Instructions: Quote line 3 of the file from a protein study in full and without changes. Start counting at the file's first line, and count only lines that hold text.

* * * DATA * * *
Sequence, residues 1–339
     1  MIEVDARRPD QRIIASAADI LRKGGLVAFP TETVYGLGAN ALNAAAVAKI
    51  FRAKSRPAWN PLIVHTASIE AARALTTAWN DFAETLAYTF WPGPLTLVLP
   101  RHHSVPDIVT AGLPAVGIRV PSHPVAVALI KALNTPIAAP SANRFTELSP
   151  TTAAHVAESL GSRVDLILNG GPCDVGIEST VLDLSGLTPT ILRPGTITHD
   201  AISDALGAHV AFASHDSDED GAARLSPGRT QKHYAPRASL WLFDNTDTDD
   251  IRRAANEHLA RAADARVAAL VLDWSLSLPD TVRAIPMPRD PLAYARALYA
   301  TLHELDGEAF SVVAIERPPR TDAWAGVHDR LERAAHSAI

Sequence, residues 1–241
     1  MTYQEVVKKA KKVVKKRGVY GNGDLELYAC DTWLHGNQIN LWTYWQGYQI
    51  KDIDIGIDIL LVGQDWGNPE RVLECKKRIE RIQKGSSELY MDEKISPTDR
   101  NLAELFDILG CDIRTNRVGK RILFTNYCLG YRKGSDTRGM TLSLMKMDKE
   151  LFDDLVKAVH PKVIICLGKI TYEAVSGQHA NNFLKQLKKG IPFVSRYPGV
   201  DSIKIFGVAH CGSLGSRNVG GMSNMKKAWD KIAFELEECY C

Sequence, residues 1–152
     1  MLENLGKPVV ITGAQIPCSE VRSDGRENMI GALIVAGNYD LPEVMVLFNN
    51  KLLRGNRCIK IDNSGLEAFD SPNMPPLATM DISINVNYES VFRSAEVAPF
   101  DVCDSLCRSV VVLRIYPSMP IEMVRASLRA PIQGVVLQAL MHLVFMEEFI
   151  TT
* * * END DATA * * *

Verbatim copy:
    51  FRAKSRPAWN PLIVHTASIE AARALTTAWN DFAETLAYTF WPGPLTLVLP